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A visit from PhD scholar, Catherine Gay

Children’s viewpoints and voices are valued today, and now-a-days we seek to hear and record the opinions and creative works of children. Technology now allows children the freedom to create and share their own work worldwide. This was much less so in the past, where in the colonial world, information was recorded and published about well-known and powerful people who tended to promote and study the history of their own dominant group. Investigating the history of children, particularly girls, requires innovative approaches and the use of sources other than the written.

The State Library of South Australia was delighted to host children’s history scholar and PhD candidate, Catherine (Cat) Gay. Cat works within the School of Historical and Philosophical Studies at the University of Melbourne and is a recipient of a Hansen Trust PhD Scholarship, which fosters continued involvement in learning and writing about history. The focus of her current research is girls in 19th century Victoria and the objects they used, modified, or created themselves, their lived experience, and their elusive voice in the archive.

During the week of her visit, Cat accessed hundreds of artefacts held by the State Library, many of which were from the Children’s Literature Research Collection (CLRC), a special collection of toys, textiles, games, books and ephemera. Cat also examined artefacts from other parts of the State Library’s collection including embroidery samplers, artworks, photographs, letters, reminiscences, and digital files.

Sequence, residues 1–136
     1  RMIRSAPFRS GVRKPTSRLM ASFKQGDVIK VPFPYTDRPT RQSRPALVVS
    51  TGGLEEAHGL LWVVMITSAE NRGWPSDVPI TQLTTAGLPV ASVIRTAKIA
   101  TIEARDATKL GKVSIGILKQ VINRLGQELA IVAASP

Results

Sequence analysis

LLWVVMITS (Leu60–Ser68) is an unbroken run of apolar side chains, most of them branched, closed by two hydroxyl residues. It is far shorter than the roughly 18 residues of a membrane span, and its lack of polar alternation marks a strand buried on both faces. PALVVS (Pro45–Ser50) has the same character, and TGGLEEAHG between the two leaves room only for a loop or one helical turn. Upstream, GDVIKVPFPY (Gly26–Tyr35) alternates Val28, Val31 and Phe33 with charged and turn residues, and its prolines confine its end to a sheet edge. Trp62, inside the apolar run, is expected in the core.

Catherine Gay using State Library materials for research
Cat accessing a child’s scrapbook made in the 1890s, part of the Children’s Literature Research Collection. Photograph taken by Denise Chapman, 9 May 2022.

Cat said of the CLRC:

The Children’s Literature Research Collection is rare and internationally significant…Rarely does one find such an amount and array of child-produced and related artefacts in one holding. The 19th Century items in the CLRC are particularly significant. Most Australian collecting institutions have limited 19th century children's material compared to 20th century holdings. Of particular value are the provenanced collections, including those from the Lucy and Gilbert families. Often children's collections have little provenance or donor information. Being able to trace items to particular children is extremely valuable. The child-produced and influenced material culture is also highly significant. The needlework and homemade toys are evidence of children's play and skill. Many items, such as the textbooks and paper dolls, have children's inscriptions which are evidence of their voice and agency. 

Cat’s visit was a great opportunity to share in-depth collection knowledge with other librarians. Knowledge management is a challenge for the memory institution sector, as it can take many years to develop a good grasp of rare and special collections. We were able to include an interested colleague in the hosting activities, to learn about curatorial practice for special collections. This turned out to be very successful, making the visit both collegiate and sociable.

Cat Gay and Jen Gallas at State Library
Librarian Jen Gallas assists Cat to access rare and valuable games held in the CLRC. Photograph by Denise Chapman, 10 May 2022.

Cat also investigated a set of pencil and watercolour drawings, by an unknown child artist, ca. 1880-1885. The artwork below depicts amongst other things, a child in a cage and a night-time haunting. Worse still in the set are drawings of drownings, goblins, a house fire, and Lear-like other-worldly characters. There are extremely detailed illustrations of houses, gardens, and a sailing ship, plus a collection of hand-made paper dolls.

Watercolour and pencil Artwork by unknown child, about 1890, State Library D 8915/1/23